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A capital expenditure is an outlay of cash to acquire or upgrade a business asset. Common examples of a capital expenditure include the purchase of a new building, or the cost of significant upgrades to an existing facility. A capital expense is considered to be deductible, because it represents an improvement to the business, and it is deducted over the expected life of the item, rather than all at once as in the case of repair or maintenance expenditures.
A capital expenditure is also sometimes referred to as capital spending or a capital expense, and many publicly traded companies list their capital spending for the year in annual reports, so that stockholders can see how the company is using their money in long term planning. Most companies engage in capital spending yearly, in an attempt to constantly upgrade and improve facilities, vehicles, and equipment.
Sometimes it can be difficult to determine the difference between a capital expenditure and a routine expense. In general, if the expenditure improves the value of the asset, it is a capital expense, while if it simply keeps the asset in working condition, it is a routine expense. For example, installation of a new bathroom in a rental is a capital expense, because it increases the value of the rental. Repairing the stove, however, is a routine expense designed to keep the rental in operating condition.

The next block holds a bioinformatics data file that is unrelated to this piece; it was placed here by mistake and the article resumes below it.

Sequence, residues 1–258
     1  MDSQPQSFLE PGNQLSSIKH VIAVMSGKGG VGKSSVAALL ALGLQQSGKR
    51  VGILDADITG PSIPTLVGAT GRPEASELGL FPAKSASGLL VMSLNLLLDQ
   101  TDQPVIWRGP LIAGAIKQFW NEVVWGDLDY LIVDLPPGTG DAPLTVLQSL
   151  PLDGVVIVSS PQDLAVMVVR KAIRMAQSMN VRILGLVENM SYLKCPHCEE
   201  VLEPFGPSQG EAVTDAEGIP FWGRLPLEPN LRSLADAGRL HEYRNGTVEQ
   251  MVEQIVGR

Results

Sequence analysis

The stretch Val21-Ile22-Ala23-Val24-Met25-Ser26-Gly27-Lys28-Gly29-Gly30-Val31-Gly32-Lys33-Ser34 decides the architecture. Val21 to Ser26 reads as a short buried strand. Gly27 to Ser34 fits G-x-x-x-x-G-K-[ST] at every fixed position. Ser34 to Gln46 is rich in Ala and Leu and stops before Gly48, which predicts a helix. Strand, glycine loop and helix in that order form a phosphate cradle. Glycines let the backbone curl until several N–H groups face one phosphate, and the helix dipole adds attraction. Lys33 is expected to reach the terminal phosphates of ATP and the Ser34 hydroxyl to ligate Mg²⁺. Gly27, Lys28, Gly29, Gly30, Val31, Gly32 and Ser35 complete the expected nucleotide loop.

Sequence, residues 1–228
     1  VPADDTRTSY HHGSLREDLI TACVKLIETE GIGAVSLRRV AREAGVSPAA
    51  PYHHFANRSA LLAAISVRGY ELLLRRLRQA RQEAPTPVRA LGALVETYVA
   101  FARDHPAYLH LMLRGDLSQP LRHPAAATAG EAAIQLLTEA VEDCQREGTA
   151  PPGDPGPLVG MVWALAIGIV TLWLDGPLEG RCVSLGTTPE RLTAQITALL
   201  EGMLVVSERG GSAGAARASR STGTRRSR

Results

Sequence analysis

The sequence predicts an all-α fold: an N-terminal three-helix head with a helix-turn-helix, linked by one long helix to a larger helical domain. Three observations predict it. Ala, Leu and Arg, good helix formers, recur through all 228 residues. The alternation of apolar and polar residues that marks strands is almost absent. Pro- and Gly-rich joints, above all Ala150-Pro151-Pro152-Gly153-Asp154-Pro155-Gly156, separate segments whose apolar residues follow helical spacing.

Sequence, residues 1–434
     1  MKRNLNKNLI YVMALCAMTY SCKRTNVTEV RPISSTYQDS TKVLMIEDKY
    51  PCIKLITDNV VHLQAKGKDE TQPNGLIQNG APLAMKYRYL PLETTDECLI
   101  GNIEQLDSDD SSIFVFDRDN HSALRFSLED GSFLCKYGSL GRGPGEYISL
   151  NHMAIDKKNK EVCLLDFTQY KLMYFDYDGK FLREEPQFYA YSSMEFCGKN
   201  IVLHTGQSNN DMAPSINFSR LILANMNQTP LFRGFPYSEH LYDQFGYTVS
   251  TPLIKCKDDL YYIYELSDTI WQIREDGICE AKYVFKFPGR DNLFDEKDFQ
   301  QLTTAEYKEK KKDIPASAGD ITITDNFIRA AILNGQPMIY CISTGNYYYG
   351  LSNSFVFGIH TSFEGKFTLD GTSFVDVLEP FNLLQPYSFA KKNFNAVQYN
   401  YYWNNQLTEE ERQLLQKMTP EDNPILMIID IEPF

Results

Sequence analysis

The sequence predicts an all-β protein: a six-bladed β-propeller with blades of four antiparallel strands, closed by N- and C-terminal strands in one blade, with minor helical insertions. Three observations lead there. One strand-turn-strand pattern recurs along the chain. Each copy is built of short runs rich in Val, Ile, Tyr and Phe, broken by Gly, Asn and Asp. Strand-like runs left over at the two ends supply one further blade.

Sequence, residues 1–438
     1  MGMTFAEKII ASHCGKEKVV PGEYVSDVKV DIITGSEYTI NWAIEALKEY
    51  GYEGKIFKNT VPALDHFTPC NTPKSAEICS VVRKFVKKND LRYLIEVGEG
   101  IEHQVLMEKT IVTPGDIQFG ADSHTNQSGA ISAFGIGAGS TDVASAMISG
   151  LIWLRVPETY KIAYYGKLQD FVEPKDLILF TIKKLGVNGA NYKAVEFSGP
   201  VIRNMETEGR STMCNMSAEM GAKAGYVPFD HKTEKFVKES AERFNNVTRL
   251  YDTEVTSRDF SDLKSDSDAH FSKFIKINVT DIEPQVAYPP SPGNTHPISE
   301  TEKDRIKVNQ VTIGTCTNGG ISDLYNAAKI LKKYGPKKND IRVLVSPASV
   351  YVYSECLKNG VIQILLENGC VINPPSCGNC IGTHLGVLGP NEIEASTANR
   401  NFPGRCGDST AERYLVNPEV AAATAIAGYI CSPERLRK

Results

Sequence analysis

Engaging in capital spending is a routine way to improve and expand a business, whether done on small or large scale. Large corporations may acquire additional companies, as in the case of an automotive giant which purchases another car manufacturer, while smaller businesses may consider the purchase of a new office printer to be a capital expenditure. In general, allowances are made in the budget of the company for capital spending, including unexpected ones involving the replacement of items which are no longer able to be repaired.
A capital expense is amortized over the length of the life of the investment, which may range from an expectation of five to 40 years, depending on the investment. This time period is known as a recovery period, and recovery periods for major assets are set out so that companies will know how to deduct capital expenses. The amortization means that the company cannot deduct the cost of the capital expenditure all at once, and must instead spread it out over the life of the investment. For example, someone who installs a 25,000 US Dollars (USD) fence which has a five year recovery period may deduct 5,000 USD each year for five years.